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Although the recent economic expansion of countries in Asia and the Pacific has been steady, it is modest compared with the recent historical trend owing to prolonged weak external demand, rising trade protectionism and heightened global uncertainty. At the same time, decades of rapid economic growth, facilitated by globalization and technology, came at the expense of rising inequalities and environmental degradation. Addressing such economic, social and environment challenges in a coherent and decisive manner will be critical for the region’s future.

In view of such challenges and the terms of the 2030 Agenda for Sustainable Development, the Economic and Social Survey of Asia and the Pacific 2017 highlights the importance of better governance and effective fiscal management. In particular, it is found in the Survey for 2017 that the quality of governance affects development outcomes through its impact on the composition and efficiency of public expenditure. At the same time, weak governance partially explains the low levels of tax revenues in several countries in the region. Governance has impacts on the way public revenues are raised, especially its effects on tax morale, as the willingness to pay taxes is affected by perceptions of how well tax revenues are used.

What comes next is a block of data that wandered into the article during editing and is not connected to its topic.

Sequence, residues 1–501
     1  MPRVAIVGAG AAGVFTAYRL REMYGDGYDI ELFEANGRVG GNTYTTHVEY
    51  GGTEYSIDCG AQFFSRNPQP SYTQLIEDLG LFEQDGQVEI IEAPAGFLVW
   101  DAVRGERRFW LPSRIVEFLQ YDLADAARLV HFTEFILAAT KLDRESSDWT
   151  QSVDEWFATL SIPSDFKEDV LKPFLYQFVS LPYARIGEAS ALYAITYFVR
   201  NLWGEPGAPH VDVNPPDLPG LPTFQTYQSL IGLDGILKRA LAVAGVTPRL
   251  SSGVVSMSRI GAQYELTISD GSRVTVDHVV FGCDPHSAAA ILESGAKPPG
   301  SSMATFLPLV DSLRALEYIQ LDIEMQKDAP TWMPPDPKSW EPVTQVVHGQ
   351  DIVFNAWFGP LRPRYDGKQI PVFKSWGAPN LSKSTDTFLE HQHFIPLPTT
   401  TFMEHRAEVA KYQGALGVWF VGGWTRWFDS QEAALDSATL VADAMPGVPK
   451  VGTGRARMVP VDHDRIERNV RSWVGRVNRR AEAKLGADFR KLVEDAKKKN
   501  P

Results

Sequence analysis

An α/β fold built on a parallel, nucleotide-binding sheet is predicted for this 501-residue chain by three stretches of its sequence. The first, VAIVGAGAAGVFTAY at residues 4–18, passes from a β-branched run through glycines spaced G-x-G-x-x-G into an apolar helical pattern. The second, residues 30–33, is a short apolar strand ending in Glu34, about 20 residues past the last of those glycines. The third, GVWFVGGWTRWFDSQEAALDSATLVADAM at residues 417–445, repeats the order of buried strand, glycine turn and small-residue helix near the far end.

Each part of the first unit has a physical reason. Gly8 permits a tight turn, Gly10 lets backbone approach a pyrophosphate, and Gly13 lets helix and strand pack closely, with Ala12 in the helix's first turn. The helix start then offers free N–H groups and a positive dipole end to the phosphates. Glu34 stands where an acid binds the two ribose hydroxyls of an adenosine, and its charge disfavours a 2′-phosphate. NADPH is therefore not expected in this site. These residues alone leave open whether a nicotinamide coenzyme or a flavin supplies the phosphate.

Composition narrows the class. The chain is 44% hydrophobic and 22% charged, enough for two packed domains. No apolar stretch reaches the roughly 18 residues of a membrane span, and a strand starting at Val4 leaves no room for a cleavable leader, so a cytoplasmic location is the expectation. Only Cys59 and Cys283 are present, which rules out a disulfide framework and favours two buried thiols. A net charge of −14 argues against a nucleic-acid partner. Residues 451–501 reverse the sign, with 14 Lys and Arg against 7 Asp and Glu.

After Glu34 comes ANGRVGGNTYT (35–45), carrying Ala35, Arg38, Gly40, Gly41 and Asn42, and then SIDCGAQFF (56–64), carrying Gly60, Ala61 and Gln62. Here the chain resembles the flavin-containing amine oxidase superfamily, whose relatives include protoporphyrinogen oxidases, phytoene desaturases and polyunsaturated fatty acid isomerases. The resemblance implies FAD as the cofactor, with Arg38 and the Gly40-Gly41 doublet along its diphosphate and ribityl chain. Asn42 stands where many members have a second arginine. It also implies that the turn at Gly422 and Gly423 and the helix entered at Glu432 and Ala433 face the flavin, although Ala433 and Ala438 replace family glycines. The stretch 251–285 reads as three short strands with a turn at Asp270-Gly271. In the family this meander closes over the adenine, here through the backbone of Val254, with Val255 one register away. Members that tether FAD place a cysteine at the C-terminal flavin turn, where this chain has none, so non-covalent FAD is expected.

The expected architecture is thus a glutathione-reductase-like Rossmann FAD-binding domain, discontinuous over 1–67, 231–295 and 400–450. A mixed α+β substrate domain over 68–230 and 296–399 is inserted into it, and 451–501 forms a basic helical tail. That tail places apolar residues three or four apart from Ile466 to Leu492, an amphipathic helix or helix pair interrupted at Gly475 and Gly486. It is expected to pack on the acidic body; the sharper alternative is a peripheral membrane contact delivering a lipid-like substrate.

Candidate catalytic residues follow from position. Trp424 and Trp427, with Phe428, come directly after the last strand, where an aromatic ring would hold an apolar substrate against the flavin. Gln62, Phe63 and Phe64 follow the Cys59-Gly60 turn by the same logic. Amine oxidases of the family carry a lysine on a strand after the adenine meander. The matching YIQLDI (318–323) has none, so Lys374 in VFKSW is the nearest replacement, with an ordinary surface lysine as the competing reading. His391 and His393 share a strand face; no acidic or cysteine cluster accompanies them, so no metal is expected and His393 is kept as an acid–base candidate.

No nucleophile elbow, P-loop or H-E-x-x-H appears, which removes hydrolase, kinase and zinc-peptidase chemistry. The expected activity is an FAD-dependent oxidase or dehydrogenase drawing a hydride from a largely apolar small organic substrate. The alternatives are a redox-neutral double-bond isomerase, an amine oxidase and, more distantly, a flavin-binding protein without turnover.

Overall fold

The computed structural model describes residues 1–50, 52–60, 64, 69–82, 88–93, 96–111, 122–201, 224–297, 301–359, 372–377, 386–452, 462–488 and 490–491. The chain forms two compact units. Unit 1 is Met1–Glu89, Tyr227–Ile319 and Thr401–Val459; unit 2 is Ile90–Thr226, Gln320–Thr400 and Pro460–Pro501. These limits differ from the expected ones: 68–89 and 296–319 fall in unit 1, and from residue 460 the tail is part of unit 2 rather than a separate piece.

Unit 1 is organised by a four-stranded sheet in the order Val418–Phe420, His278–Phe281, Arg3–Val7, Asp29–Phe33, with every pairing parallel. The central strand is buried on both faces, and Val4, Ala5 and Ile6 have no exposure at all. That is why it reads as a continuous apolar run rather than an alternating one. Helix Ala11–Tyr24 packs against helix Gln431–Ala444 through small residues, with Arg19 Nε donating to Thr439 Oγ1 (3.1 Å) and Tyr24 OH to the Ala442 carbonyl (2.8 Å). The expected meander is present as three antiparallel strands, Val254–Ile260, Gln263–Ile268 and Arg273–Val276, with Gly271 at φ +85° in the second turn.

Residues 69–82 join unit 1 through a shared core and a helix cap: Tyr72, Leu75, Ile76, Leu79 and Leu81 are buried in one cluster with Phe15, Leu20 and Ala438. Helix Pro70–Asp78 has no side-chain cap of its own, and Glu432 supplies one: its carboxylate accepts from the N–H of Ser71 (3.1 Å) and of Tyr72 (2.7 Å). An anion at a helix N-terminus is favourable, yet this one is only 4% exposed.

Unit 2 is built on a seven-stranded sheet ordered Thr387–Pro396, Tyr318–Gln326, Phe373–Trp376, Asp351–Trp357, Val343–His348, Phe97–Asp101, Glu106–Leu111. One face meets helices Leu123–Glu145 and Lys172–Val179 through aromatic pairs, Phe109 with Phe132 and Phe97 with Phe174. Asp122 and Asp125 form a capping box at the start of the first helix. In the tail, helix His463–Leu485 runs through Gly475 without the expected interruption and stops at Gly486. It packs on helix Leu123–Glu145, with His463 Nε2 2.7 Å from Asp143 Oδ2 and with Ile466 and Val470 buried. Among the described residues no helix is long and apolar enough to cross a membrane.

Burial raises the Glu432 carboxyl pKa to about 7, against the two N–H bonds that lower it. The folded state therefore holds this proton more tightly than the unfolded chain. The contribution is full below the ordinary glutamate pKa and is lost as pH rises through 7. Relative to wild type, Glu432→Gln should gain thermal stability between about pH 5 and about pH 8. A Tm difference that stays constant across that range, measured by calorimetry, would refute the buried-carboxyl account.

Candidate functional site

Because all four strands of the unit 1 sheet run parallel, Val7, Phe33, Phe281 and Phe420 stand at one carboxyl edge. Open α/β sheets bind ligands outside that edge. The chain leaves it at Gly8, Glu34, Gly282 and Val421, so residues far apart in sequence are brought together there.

It is argued in the Survey for 2017 that transparency and accountability in public administration can be improved and strengthened by ensuring the production of and access to key data and information, and by developing public administration capacities to monitor, evaluate and audit policies and actions. Inclusive institutions, where public service beneficiaries can exchange views with the Government, could also be instrumental for raising tax revenues and making expenditures more efficient. The Survey also highlights the role of e-government, information and communications technology and decentralization in improving governance in the context of fiscal management.

In the Survey, it is further emphasized that the potential benefits of better governance are large and wide ranging, including better health outcomes in the Pacific, economic diversification in North and Central Asia, decent jobs in South and South-West Asia, ecological innovations in East and North-East Asia and the narrowing of development gaps in South-East Asia.

Message from the Executive Secretary

Chapter 1

The first chapter of the Survey for 2017 provides a macroeconomic assessment of the region, with a discussion of risks to the economic outlook, and it highlights the importance of improving the quality of economic growth. A case is made for a proactive role for fiscal policy and supporting structural reforms not only to enhance economic potential but also to strengthen social protection and improve resource efficiency.

Chapter 2

The second chapter provides a more disaggregated analysis of economic issues and indicates that the potential benefits of better governance and effective fiscal management are large and wide-ranging, including: better health outcomes in the Pacific; economic diversification in North and Central Asia; decent jobs in South and South-West Asia; ecological innovations in East and North-East Asia; and narrowing development gaps in South-East Asia.